Top 10 employer mistakes in accommodating disabled employees

September 17, 2017 1 COMMENTS

by Matthew A. Goodin

Even experienced HR professionals have a difficult time with requests for reasonable accommodation from disabled employees. This process is even trickier if the employee needs a leave of absence as an accommodation because of the intersection of different laws that govern leaves of absence. Below are some of the most common mistakes employers make when accommodating employees with disabilities. Recognizing and avoiding these mistakes will go a long way toward preventing unwanted litigation.    TOP 10. Rainbow splash paint

1. Not having adequate job descriptions

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Employer can insist that ‘doctor’s note’ come from a doctor

July 16, 2017 0 COMMENTS

by Jennifer Suich Frank and Samuel D. Kerr

Q One of our employees went to a holistic healer who isn’t a certified healthcare practitioner, and he advised her that she needs a week off work. He won’t write her a doctor’s excuse and will only speak to someone via telephone. Our attendance policy states that missing that much work requires a doctor’s note. Are we violating the employee’s rights if we discipline her for an attendance policy violation?  Woman lying face down having cupping acupuncture, mid section

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EEOC provides guidance on mental health conditions in the workplace

March 19, 2017 0 COMMENTS

by Howard Fetner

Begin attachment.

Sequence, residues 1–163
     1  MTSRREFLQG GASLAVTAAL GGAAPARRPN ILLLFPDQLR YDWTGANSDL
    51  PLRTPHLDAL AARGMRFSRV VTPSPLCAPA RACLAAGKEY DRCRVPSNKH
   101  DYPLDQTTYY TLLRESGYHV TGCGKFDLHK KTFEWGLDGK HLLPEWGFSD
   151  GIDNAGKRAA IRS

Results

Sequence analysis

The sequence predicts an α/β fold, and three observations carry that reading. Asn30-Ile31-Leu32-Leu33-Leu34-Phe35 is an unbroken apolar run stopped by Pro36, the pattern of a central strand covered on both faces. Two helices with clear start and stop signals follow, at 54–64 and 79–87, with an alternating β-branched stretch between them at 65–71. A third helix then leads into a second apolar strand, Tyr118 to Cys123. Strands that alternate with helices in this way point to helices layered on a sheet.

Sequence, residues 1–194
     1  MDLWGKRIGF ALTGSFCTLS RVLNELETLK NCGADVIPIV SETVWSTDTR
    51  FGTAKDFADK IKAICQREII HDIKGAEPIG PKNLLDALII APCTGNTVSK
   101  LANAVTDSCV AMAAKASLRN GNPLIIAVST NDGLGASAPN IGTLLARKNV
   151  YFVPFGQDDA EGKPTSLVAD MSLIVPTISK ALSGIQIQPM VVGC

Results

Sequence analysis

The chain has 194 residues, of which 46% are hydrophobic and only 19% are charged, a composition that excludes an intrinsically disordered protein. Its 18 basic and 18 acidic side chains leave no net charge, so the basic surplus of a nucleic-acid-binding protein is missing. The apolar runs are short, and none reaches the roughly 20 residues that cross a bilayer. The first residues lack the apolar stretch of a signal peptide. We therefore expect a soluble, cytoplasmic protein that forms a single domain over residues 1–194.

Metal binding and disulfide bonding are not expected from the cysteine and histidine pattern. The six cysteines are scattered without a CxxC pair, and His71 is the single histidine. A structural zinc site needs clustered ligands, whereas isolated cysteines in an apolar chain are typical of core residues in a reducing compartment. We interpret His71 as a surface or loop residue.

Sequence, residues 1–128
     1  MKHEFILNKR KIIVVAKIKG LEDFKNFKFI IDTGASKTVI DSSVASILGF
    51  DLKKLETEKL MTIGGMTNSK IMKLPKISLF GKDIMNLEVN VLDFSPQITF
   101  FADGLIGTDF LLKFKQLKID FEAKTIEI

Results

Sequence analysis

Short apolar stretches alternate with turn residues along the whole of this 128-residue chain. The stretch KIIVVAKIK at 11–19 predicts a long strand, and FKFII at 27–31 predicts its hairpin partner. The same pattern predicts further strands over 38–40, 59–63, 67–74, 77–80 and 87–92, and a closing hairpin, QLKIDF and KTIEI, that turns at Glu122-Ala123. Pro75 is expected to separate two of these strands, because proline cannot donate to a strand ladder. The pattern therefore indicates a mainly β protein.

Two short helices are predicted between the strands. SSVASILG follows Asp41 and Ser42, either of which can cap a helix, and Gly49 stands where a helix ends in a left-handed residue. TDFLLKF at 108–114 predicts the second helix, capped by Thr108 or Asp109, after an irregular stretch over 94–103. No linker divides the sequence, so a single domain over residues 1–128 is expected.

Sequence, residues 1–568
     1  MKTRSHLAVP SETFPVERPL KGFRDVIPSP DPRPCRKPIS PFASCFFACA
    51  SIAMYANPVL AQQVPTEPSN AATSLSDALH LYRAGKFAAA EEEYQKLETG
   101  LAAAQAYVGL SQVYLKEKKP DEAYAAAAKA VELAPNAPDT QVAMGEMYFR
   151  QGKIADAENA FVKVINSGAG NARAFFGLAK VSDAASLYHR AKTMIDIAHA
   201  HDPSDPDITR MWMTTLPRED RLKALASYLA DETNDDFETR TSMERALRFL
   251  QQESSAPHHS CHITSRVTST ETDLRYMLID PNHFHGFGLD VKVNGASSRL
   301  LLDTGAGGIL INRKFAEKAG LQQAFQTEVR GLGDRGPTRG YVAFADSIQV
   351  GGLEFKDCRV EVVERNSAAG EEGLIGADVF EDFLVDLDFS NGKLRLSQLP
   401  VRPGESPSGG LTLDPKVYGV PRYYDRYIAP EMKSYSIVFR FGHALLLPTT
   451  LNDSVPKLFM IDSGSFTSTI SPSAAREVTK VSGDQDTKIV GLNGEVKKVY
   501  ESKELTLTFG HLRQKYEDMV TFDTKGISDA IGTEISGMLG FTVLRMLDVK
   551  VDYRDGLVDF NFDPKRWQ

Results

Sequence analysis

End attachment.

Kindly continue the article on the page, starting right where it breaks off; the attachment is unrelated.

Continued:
The Equal Employment Opportunity Commission (EEOC) recently issued a resource document explaining the rights of job applicants and employees with mental health conditions. The document explains that applicants and employees with mental health issues are protected from discrimination and harassment based on their conditions, may be entitled to reasonable accommodations, and have a right to privacy regarding their medical information.  EEOC-jpg

Background

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Understanding strengths, weaknesses of bipolar employees

July 17, 2016 1 COMMENTS

Disabilities of all types pose challenges for employers and employees alike. As employers struggle to find ways to help employees with disabilities do their jobs, they also must fulfill obligations created by laws designed to prevent discrimination and violate privacy. Like other disabilities, bipolar disorder presents its own unique challengesconcerns that will be explored in a Business and Legal Resources webinar set for July 28 titled “Employees with Bipolar Disorder: HR’s Roadmap for ADA Accommodations and Practical Issues.”  Human Emotion

Bipolar disorder, also called manic-depressive disorder, causes people to experience varying highs and lows as well as changes in mood, energy, and activity levels. A bipolar employee may be wildly creative and productive sometimes and disruptive and nonproductive at other times, meaning employers see great strengths and frustrating weaknesses all wrapped up in the same employee.